TOKYO (Reuters) - China and Japan held their first security talks in four years on Thursday and agreed to keep alive and foster a nascent recovery in bilateral ties plagued by the legacy of Japan’s wartime aggression and a territorial dispute.
The world’s second- and third-largest economies, however, failed to set a timetable for the implementation of a scheme designed to ensure real-time communication between their armed forces.
Sino-Japanese relations have chilled over what China views as Japan’s reluctance to properly atone for its wartime past as well as a dispute over a group of tiny East China Sea islets.
Patrol ships and fighter jets from both countries have shadowed each other regularly near the uninhabited islands that are controlled by Japan but also claimed by China, prompting fears that an accidental collision could spark conflict.
Japanese Prime Minister Shinzo Abe’s moves to ease the constraints of Japan’s pacifist constitution on its military have unnerved China. Japan says China’s defense policy lacks transparency.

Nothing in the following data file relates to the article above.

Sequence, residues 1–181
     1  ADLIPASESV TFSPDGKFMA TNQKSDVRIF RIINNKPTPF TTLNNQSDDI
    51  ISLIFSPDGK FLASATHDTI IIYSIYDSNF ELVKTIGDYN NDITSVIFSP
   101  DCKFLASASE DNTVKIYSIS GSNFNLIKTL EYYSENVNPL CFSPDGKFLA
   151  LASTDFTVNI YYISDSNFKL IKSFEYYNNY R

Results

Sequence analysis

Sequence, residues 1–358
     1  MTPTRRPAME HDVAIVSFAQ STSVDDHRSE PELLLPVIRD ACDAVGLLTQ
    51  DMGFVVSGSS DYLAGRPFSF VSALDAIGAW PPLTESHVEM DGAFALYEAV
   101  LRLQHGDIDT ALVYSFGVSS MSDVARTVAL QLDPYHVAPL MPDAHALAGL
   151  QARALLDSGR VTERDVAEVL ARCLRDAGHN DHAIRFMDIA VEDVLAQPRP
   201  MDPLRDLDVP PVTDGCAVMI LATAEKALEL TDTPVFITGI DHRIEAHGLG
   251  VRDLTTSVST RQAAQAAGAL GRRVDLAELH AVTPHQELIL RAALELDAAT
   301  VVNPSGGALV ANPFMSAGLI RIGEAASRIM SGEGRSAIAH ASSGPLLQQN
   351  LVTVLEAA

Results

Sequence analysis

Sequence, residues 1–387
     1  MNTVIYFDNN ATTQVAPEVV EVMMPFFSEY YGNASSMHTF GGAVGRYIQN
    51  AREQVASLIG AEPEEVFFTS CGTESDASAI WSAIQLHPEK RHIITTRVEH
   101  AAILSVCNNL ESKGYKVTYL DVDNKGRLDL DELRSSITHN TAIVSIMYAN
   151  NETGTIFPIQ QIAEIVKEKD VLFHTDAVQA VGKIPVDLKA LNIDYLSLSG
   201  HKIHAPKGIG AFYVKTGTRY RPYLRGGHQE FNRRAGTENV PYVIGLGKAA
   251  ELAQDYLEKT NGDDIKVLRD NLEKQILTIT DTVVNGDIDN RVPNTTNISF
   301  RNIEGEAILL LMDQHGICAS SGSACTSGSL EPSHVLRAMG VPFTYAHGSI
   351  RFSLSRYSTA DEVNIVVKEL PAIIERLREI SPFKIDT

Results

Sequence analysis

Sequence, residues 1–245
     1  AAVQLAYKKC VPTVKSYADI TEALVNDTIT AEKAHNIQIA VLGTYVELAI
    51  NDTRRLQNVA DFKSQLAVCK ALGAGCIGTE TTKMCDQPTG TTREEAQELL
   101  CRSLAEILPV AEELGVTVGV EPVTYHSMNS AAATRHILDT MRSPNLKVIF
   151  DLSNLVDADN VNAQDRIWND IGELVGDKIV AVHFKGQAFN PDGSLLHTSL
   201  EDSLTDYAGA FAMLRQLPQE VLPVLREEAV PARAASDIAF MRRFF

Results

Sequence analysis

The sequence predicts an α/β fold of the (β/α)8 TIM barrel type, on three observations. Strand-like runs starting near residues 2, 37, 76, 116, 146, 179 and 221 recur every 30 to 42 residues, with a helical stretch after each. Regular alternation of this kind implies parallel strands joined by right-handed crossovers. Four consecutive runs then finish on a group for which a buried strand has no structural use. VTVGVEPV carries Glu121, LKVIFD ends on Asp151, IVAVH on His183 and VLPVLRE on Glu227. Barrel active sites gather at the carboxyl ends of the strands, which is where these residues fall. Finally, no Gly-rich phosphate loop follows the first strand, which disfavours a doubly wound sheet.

Abe held formal talks with Chinese President Xi Jinping last November. In the meeting, hailed by Xi as the first step toward improved ties, the two agreed to work for the implementation of a bilateral crisis management mechanism.
“Both sides agreed that the tide is beginning to turn for the better regarding relations between Japan and China following the summit meeting,” a Japanese Foreign Ministry official told a media briefing after the one-day meeting.
“They also agreed that it is important to keep on taking positive steps in various areas and at various levels to firmly establish this trend.”
China’s Foreign Ministry said in a statement the Chinese side had expressed concern about “Japan’s recent moves in the military and security fields” and hoped Japan “continues down the path of peaceful development”.
In a sign of a thaw in Sino-Japanese ties, foreign ministers of Japan, China and South Korea are set to meet on Saturday in Seoul for the first time in nearly three years.
Xi and Abe, in their talks last year, agreed to aim for implementation of a plan for hot lines between defense officials as well as communication between vessels and aircraft to convey each other’s intentions and avoid clashes.
While both sides at the Thursday meeting agreed to work to implement the scheme at an early date, no agreement was reached on a concrete schedule toward that goal, the official said.
Reporting by Kiyoshi Takenaka; Additional reporting by Ben Blanchard in BEIJING; Editing by Robert Birsel and Paul Tait